Posts Tagged ‘Winfield’

Nostalgic Tugs

February 23, 2016

Our Town

Nice town, y’know what I mean?

Nobody very remarkable ever come out of it, s’far as we know.

Stage Manager speaking of Grover’s Corners in Thornton Wilder’s Our Town

Laying aside the odious task of grading and compiling figures over the past several days, the acts of drawing, watercoloring, reading, thinking, conversing with dear friends and journaling my thoughts have emerged with more sweetness than ever before, it seems.

Back in 2009, I embarked on a long road trip that took me down many memorable paths, one of them being Highway 79 in Missouri. I passed through Winfield just as the sun came up, and paused to photograph this magnificent facade of a building bathed in that warm summer light. Now, in 2016, I am drawn back to this subject, because a former resident has found me online and shared some fascinating stories of its history and her own experiences growing up in it.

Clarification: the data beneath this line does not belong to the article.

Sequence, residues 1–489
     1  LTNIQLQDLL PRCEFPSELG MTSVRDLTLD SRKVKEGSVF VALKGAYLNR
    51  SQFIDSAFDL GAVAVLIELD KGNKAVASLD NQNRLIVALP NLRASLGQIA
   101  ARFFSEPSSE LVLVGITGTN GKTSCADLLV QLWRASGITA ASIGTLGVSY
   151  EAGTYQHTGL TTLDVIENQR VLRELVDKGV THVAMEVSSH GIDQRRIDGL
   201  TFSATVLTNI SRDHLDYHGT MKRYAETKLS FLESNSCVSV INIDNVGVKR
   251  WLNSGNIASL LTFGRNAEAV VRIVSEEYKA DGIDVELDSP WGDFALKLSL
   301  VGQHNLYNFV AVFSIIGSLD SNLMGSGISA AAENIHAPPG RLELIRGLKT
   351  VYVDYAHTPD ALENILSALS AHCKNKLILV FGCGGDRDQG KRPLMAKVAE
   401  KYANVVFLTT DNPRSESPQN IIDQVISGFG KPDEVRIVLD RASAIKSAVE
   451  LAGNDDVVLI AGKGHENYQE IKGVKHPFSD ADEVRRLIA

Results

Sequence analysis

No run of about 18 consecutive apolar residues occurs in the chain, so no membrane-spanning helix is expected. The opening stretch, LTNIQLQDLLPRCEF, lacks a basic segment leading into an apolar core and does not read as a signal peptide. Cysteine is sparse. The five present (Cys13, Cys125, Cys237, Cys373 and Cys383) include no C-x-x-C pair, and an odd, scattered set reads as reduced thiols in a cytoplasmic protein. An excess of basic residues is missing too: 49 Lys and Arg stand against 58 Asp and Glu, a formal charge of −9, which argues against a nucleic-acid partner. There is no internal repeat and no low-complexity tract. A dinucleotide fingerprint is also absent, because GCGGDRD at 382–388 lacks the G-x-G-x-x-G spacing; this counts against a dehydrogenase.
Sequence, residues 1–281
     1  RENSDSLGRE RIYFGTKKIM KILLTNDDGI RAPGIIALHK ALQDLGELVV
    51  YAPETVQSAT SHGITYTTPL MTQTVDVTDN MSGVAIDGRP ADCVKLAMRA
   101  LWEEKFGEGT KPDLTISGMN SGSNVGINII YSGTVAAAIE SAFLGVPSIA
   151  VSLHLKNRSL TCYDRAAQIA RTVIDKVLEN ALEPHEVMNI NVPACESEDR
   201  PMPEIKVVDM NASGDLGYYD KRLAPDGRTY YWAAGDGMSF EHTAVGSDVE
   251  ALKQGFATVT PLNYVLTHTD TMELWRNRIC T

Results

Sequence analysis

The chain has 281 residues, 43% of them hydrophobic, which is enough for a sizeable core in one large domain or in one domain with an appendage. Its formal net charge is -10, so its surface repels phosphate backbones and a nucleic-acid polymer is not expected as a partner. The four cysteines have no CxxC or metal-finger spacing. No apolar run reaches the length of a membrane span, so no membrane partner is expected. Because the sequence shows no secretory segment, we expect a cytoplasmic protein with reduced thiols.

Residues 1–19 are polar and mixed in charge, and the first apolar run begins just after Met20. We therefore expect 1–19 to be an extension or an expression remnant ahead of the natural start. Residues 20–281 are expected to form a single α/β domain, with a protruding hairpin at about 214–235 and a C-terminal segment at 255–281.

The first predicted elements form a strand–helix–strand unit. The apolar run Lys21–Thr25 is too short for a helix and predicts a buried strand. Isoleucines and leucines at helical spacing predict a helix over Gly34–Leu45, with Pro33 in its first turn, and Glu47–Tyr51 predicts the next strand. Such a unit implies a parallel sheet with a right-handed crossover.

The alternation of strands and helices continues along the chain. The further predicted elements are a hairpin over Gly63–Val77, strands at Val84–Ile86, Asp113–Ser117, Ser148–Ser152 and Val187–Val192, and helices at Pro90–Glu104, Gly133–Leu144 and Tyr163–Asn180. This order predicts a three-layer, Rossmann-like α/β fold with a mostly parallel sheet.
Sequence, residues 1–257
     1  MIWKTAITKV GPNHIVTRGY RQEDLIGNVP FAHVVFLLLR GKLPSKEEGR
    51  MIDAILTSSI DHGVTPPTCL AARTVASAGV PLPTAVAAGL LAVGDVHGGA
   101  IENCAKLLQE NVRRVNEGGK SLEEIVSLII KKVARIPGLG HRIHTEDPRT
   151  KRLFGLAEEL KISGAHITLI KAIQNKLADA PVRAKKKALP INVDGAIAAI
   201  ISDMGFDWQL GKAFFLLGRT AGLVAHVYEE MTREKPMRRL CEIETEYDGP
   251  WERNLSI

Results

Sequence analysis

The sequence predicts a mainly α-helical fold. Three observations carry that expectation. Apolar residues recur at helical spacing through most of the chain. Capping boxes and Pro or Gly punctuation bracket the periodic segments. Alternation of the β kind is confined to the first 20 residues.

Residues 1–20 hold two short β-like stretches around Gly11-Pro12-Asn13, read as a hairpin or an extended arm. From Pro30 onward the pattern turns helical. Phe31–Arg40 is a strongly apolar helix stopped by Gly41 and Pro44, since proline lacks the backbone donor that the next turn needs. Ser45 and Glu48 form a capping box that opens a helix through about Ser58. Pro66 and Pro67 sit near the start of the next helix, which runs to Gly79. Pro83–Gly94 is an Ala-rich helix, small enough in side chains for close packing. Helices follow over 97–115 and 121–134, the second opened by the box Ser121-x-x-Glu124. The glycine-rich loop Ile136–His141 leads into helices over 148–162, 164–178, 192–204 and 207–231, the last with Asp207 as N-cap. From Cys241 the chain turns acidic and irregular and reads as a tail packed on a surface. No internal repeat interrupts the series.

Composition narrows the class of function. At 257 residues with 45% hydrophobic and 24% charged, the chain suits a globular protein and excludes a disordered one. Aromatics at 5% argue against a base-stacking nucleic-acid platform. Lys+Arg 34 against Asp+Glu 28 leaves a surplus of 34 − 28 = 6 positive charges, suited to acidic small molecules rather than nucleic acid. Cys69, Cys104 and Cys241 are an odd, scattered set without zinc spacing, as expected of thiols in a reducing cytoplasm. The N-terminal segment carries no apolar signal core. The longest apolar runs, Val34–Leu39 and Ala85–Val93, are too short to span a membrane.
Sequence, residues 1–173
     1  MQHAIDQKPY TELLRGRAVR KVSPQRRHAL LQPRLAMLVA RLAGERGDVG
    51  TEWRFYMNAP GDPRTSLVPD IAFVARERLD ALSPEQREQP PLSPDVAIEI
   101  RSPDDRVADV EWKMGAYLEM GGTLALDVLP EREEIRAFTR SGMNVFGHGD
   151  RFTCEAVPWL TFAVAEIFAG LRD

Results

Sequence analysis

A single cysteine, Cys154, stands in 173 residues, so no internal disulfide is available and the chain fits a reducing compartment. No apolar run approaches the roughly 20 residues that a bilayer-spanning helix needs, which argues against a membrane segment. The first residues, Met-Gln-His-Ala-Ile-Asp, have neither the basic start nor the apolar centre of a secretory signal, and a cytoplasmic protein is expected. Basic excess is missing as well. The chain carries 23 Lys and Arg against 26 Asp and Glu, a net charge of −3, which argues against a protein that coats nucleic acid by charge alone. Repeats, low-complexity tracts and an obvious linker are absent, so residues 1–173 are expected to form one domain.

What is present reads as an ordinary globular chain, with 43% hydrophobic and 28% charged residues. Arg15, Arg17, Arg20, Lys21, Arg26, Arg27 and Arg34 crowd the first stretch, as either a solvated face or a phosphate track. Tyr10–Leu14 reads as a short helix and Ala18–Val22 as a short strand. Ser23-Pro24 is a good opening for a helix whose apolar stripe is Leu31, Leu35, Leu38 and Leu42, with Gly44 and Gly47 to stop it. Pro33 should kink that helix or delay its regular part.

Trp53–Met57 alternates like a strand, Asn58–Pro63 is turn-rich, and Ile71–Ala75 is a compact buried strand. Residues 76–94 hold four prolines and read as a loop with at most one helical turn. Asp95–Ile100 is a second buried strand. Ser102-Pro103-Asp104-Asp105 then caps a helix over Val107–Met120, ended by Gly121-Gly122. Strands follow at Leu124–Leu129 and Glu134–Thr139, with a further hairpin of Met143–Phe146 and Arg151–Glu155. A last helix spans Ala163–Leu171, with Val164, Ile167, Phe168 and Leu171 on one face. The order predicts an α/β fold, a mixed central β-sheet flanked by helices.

I am posting the Thornton Wilder quote, because I feel that that is the common sentiment of people assessing the significance of their own small towns, as well as the sentiment of the outsiders looking in. Personally, I have no interest in fame embracing any Winfield residents; I am just enriched when I hear the stories that are so real and worth recalling. The stories echo the sweetness of what I knew in my own small towns throughout the years of my youth.

As this picture develops, and others of the same subject along with it, I plan to pass on some of the stories handed to me about this quaint Mississippi River town that reminds me so much of the small towns I knew in southeast Missouri when I visited relatives during the years of my growing up.